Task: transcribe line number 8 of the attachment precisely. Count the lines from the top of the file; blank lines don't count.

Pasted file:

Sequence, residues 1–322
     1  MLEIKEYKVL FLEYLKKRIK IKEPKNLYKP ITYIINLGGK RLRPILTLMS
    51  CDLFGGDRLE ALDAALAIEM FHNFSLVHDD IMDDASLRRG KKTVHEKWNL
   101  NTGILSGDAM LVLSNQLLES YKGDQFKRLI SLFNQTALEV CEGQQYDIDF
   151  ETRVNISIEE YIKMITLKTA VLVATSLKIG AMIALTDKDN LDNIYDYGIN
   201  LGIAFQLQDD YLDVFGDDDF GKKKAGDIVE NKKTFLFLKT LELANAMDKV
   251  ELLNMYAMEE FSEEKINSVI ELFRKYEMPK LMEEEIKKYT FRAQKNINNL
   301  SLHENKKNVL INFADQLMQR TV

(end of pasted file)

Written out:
   301  SLHENKKNVL INFADQLMQR TV